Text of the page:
The look on my face must have been something between “I can’t remember what I was doing” and “WTF?” because my husband asked me if I left something at the doctor’s office. I promptly replied, “Either I just peed on myself or my water broke.”
So we waddled into the hospital ER, having no idea if that’s where we were supposed to go at that time of day. I was admitted once they confirmed I had not, in fact, burst my bladder, and the adventure began. I’ll save the gory details, but a bitchy nurse, a failed epidural, three hours of pushing and nearly 19 hours of labor later, my daughter was here… And the trouble began… She was 9lbs 9oz, delivered vaginally and had her first bowel movement in utero, which means the NICU was on standby in case she had breathing troubles as a result of swallowing the meconium. She had not, but it still puts a new parent on edge. It was another two hours before I got to hold her because they wanted to make sure she was just fine. Well when you know that babies bond with their mother in the first three minutes, it really sucks to not see your baby until she’s two hours old.
Shortly after I held her for the first time, I decided that this time I really did need to pee. My husband took the baby and was sitting on the couch with both our mothers, while the nurse helped me to the bathroom. This is wear I promptly blacked out. (I told you it was trouble.) My helpless husband was holding our tiny newborn daughter and not able to come to my rescue. My mom told me that she saw me step into the bathroom doorway and then suddenly I was gone and the nurse was yelling. When I woke up, I was sitting on the floor with a nurse in front of me, my mom was behind me, Hubby was in the doorway with the baby and everyone was trying to figure out whether or not I had hit my head… Needless to say, I’d never seen that happen in a movie…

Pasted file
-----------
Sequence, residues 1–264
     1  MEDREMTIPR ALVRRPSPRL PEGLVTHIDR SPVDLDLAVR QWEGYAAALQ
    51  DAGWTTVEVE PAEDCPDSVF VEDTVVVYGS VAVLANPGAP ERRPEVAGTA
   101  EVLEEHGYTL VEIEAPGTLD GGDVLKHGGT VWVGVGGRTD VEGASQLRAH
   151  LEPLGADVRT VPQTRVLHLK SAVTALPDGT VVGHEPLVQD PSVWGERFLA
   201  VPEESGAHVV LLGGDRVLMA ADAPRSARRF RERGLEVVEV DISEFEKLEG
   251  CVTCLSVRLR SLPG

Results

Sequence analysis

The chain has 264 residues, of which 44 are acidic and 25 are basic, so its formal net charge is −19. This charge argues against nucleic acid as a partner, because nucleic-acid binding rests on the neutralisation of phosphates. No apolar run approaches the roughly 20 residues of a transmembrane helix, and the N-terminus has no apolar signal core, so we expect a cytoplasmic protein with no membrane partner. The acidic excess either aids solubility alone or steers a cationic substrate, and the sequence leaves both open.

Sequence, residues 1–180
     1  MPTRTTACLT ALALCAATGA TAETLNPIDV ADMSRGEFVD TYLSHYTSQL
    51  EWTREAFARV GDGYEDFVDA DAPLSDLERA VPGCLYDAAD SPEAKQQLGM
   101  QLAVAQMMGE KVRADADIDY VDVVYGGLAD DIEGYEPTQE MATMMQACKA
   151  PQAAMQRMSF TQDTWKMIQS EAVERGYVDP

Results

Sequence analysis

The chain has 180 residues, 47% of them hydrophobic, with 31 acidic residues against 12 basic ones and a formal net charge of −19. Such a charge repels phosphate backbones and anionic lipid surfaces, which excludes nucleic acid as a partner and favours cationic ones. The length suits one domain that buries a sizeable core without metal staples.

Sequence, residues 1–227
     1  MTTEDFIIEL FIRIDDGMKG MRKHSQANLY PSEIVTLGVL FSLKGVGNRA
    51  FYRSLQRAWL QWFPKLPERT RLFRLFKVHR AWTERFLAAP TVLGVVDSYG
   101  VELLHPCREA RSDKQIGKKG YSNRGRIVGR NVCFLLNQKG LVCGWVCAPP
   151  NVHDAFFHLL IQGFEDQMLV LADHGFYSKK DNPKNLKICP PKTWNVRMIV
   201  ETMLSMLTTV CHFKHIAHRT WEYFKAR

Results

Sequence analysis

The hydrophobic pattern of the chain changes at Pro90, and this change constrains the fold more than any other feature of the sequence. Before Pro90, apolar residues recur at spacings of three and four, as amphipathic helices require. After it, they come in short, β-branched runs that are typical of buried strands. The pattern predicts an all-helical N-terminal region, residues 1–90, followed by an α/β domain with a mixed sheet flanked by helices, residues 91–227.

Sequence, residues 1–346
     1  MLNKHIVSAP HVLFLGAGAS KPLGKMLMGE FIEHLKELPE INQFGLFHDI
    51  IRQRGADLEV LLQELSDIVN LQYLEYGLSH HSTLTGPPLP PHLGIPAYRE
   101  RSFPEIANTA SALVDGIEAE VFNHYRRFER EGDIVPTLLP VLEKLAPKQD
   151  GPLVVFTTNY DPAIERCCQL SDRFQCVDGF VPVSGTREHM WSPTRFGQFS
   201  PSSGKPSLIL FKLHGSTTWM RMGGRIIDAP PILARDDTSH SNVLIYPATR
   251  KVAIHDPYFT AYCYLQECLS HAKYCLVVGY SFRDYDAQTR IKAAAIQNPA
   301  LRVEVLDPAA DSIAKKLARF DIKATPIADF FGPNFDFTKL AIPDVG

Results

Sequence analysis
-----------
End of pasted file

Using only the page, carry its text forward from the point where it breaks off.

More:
But the baby was fine and eventually, I was too.
Over the years, things have come up. After she was born, I pushed myself to bond “magically” like they do in the movies and ended up overburdened, exhausted and hospitalized (twice) for Postpartum Psychosis (like, Postpartum Depression, only with paranoia and delusions/hallucinations)… It was not a good time in our lives. We were kicked out of a women’s ministry because she couldn’t sit still when she was three (before we knew she had Proprioceptive Input Dysfunction and Sensory Integration Disorder). She was diagnosed with autism just after her fifth birthday. And now, my baby girl is seven… It’s really hard to believe that the chubby little baby I struggled so hard to love is a bright, beautiful, and overwhelmingly joyful little girl now…
I still don’t feel that “magical” bond to her, like you’re “supposed” to. But that’s why I talk about my experience. Not every woman will be connected to her child with some magical bond. It may sound cold, but my daughter was a stranger. I didn’t know her anymore than she knew me. We had to learn to love each other. I knew what to expect of myself when I gave birth to my son and the entire pregnancy, delivery and postpartum went by with no issues at all.
I was in a really bad place when I got pregnant with my daughter. I was drowning in a town that literally will suck the life out of you and kill any chance you had of having a dream or a real life of happiness and joy. My daughter saved my life. She’s a huge blessing everyday and I am so thankful that my prayers were answered all those years ago.
God’s will was done.
For that, I am thankful.
Happy Birthday, Sissy!